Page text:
As with all great space ships, Beam Rider has a beautiful hull which would never go through a planet atmosphere but it is fully optimised for flying through the tunnels in space. Interestingly enough, the tunnels in this game are always straight and conveniently have green lines on them to identify which parts are safe.
The aim of the game is to survive as long as possible without traversing any of the red areas, otherwise your shields are depleted and eventually you die. A quick swipe of the finger left and right lets you switch between lanes and a slash upwards lets you “jump” (Don’t question the ingenuity here – it’s just a game, so jumping in no gravity environments is allowed.) Full control is provided, so once you’re in the air you can switch to whichever lane you want and you can even force a fast landing. To top this all off you have a gun which you shoot by a mere tap of the screen… this does mean you shoot prematurely occasionally, but it just adds to the cool factor.
I have to admit that I am a bit peculiar and when I see green lines and get reminded of Cathode Ray Tube screens used in Oscilloscopes, I get warm fuzzy memories of my past. The same green lines in this game trigger nostalgic feelings deep in my heart. This game is just full of these luminescent green babies and they’re accompanied by blue which forms the tunnel, the danger red shield absorbers and orange ballistic enemies.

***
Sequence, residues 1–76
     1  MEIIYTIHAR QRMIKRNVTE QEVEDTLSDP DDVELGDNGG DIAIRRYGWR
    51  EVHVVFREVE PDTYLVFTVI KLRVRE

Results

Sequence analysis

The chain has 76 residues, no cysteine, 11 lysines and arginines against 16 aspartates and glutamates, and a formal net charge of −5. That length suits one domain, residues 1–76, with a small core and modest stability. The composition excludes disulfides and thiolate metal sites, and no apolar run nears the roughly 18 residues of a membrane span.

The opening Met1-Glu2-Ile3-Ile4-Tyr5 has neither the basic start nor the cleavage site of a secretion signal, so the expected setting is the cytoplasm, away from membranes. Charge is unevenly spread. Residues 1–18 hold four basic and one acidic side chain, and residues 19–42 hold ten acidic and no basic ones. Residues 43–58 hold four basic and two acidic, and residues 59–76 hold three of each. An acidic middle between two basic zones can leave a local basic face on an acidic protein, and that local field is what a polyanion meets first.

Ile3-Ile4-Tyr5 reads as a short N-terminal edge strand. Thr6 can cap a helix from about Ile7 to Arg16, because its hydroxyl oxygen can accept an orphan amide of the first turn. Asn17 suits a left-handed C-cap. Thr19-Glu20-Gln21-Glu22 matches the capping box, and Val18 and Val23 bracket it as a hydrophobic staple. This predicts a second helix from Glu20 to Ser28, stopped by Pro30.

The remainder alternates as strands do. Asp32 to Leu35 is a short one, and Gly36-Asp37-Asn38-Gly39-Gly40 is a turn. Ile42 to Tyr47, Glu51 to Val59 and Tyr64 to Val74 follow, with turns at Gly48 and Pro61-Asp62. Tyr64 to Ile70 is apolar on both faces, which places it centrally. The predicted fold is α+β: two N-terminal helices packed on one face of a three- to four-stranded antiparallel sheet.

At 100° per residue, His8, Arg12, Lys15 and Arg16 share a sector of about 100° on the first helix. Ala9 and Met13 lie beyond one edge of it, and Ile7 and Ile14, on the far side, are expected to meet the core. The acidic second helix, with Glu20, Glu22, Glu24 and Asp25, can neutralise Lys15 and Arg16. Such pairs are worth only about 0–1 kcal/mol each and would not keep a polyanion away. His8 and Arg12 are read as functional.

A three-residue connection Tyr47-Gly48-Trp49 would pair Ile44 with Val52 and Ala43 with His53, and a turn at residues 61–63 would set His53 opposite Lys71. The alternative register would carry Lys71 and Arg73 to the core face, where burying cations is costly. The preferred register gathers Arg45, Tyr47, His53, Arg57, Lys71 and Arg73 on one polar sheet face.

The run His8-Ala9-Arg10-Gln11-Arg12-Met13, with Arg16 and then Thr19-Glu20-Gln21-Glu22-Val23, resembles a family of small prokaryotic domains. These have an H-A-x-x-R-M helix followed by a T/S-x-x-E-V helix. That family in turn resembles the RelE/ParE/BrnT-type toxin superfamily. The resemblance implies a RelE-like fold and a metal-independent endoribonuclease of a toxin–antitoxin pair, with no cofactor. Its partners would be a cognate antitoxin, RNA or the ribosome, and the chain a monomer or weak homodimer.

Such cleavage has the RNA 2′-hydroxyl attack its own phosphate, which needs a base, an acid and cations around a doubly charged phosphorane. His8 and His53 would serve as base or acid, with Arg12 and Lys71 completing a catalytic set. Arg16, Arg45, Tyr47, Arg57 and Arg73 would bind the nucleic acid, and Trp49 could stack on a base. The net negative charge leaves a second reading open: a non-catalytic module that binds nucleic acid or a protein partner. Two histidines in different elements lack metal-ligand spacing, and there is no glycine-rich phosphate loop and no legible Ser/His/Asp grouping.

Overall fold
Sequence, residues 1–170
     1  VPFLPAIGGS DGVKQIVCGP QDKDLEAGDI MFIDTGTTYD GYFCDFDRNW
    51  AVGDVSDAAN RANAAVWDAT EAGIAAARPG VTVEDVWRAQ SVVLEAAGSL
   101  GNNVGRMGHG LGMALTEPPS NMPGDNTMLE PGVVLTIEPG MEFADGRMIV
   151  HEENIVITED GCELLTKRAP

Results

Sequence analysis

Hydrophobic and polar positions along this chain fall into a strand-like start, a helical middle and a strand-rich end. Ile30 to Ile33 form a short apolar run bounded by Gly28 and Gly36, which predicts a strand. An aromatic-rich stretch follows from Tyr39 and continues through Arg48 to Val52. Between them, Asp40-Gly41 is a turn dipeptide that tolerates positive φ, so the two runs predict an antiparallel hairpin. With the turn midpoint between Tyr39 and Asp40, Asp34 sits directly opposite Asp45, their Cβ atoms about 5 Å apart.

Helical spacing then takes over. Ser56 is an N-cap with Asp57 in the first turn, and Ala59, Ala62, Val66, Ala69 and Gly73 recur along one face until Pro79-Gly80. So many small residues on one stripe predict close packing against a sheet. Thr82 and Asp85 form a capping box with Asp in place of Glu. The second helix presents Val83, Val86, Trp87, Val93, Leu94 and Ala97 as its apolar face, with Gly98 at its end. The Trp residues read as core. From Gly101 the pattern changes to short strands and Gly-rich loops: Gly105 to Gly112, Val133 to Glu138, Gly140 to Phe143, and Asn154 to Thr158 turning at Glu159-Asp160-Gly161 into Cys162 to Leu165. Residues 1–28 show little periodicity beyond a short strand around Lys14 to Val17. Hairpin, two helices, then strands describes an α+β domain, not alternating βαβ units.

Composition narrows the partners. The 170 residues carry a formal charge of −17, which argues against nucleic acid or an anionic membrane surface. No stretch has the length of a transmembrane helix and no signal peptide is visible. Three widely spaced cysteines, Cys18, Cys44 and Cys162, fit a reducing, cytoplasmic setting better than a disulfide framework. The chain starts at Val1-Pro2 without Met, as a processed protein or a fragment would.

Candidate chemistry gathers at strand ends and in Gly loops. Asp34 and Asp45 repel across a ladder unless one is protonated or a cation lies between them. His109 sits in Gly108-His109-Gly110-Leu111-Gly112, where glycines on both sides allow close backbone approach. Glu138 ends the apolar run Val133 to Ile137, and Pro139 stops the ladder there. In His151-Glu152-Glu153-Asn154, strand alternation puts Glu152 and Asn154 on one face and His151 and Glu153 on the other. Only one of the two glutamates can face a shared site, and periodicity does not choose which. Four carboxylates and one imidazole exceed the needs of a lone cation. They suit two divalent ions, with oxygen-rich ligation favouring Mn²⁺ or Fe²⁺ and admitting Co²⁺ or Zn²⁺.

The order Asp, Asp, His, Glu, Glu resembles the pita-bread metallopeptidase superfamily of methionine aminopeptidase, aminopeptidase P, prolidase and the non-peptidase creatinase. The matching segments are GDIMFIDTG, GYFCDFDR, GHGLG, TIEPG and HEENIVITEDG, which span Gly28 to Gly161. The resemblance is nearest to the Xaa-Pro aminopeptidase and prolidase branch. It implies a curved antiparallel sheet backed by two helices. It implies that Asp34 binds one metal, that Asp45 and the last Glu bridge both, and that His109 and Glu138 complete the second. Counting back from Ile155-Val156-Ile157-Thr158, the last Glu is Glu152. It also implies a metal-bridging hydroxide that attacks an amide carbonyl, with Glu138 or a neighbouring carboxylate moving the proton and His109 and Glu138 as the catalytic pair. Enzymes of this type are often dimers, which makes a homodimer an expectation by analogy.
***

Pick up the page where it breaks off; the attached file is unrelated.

Admittedly not everything old is great, and thankfully they’ve done away with the midi and replaced it with very uber space age club music (…a perfect track for getting you ready for a night of non stop dancing mayhem). Honestly though, the game actually needs the music because otherwise you lose the soul of it.
Enough of my fantasising and ranting, what is the low down on the game? Well its enough to keep you occupied for a few minutes and its good for those short train journeys. The difficulty makes it a bit more for the seasoned runner players. At the moment it is pure gaming on a core engine which doesn’t have all the extras added in yet. Depth of view is a bit an issue, but that would surely come about with some more game refinement.
Ultimately there are two ways of seeing this game. 1) you’re a fast gamer who only cares about seeing finished products and so you won’t really like this game or 2) you can see a real game develop, morph and grow. I recommend the pessimists out there to put their harsh words aside, and I suggest the optimists check this game and watch as all the three star, mass gaming points malarkey is injected into it. Considering it was made in 2 weeks by a pro developer – it’s a fantastic job.